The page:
Russian President Vladimir Putin’s leadership capabilities and strength are being put to the test—as his invasion of Ukraine enters its 17th month.
- On February 24, 2022, Russian military forces invaded the eastern regions of Ukraine in a self-proclaimed mission to “DeNazify” its former puppet state.
- The unprovoked attack drew international condemnation for being the largest launched European land war since World War II.
- On June 23, 2023, mercenary group Wagner chief Yevgeny Prigozhin condemned the Russian military’s justification for the invasion and prepared a military force to march against Moscow in retaliation.
- On June 24, an alleged force of 25,000 Wagner mercenaries reportedly ceased the military headquarters in the southern Russian city of Rostov-On-Don.
- By the end of the day, Prigozhin announced a deal had been struck with Moscow and that the march had formally been called off to avoid the bloodshed of Russian citizens.
- On June 25, Russian General Sergei Surovikin was arrested for allegedly siding with the Wagner mutiny attempt, The Moscow Times reports.
While the details of the Wagner deal with Moscow’s leadership have been unclear, it would appear that the mercenary group’s leadership has not been formally charged with any crimes, with the arrest of General Surovkin being a notable, if strange, exception. The international media spun the sudden and unexpected event as a military coup against the Russian state, suggesting that the bogged-down war could abruptly end in a civil war and the ousting of Putin from power. However, this did not occur.
Ron Holloway is a former special agent with the State Department’s Bureau of Diplomatic Security and is the CEO of Arrow Coaching LLC. He tells Leaders Media that the media should not regard last month’s events as a “failed coup attempt” but as the start of a shift in the larger propaganda battle over Putin’s ability to lead the Russian state.
“When you have a smaller force going up against a larger force—using asymmetrical warfare—the aim isn’t to capture territory but hearts and minds. The language and justification Prigozhin used question the validity of the war in the first place. He says he’s fighting because they’re sending Russian soldiers into a meat grinder, which could win soldiers and their parents,” says Holloway.
“He says the withdrawal was to avoid killing Russians, an appeal to nationalism and the people. Putin is even thanking him for not invading Moscow and has shown he is willing to negotiate, which is a strange behavior for Putin—who has an image as a tough guy. If they had the ability to punish a coup like that, they would. But Putin hasn’t, and he realizes his attack dog has turned on him,” he continues.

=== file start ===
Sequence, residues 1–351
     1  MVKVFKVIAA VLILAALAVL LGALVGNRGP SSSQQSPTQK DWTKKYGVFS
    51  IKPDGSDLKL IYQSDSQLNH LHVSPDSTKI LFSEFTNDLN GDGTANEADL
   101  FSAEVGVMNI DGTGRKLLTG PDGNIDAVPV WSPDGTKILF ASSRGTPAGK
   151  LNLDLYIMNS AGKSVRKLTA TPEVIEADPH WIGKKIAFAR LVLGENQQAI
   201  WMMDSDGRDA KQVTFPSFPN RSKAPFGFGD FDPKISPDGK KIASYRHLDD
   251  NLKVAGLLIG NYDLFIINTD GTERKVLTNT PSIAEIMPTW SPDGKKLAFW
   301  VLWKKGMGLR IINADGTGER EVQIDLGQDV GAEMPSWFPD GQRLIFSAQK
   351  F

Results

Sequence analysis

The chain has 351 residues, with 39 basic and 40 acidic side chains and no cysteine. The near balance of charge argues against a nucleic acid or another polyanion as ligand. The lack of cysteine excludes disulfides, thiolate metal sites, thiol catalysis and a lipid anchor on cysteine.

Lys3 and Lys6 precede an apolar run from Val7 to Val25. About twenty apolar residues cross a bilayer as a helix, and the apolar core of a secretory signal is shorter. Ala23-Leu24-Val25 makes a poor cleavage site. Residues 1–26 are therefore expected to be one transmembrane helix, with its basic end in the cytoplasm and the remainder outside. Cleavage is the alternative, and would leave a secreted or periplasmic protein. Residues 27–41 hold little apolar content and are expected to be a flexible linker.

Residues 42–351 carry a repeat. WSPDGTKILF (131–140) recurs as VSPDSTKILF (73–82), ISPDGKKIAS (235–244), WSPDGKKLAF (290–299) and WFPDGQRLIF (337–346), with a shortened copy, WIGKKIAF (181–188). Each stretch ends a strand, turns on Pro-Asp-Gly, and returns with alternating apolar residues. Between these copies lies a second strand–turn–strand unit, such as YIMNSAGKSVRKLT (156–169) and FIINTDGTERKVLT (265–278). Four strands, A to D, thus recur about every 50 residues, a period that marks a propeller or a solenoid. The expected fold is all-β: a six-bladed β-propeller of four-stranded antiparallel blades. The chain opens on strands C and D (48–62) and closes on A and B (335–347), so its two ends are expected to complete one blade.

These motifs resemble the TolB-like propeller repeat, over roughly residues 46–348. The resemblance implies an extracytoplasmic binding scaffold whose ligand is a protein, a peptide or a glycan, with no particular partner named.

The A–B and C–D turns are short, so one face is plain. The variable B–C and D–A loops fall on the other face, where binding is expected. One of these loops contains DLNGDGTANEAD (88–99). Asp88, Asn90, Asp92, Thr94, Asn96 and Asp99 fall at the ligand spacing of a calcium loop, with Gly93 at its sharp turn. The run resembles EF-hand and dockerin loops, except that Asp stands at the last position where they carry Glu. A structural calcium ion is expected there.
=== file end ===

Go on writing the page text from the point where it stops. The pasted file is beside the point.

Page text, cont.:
Putin has sold himself to the Russian leader as a nationalist strongman with the aim of rebuilding his broken country into a great empire. This has placed much of his leadership in a propaganda game, with him using payoffs and sanctioned murders to maintain his strong-man image and grip on power. The Wagner rebellion raises questions about that leadership, likely suggesting that General Surovikin’s arrest was a symbolic act to save face.
The Ukrainian invasion has already proven costly to Russia—both to its people, to the economy, and to the powerful oligarchs backing the invasion. U.S. estimates suggest that Russia’s casualties include 50,000 killed and 180,000 wounded, placing a war that has lasted less than two years into a situation comparable to the U.S. Vietnam War or Russia’s own invasion of Afghanistan, which lasted for a decade and killed 14,453 Russian soldiers. Putin has no choice but to make a clear case to his citizens and financial backers why the war continues to be justified, lest he displays weakness and faces an ousting.
“This battle is for hearts and minds. It comes down to a game of propaganda. The people know they have a voice,” says Holloway. “I don’t think this is going to fade away totally. Part of warfare is timing. Prigozhin has the microphone now, and he can keep talking and building up his political power. As long as Putin can’t kill him or his family, I wouldn’t be surprised to see Putin’s circle turn to Prigozhin or back away from him. I’d say there is more to come. These things take years, but I would say Putin’s days are numbered—live by the sword, die by the sword.”
As we previously reported, U.S. support for Ukraine has faced greater scrutiny in recent months. Watchdogs suggest that keeping Russian financial and military support accountable is challenging, while Republican politicians are pushing isolationist positions that are more skeptical of Ukraine President Volodymyr Zelenskyy’s leadership.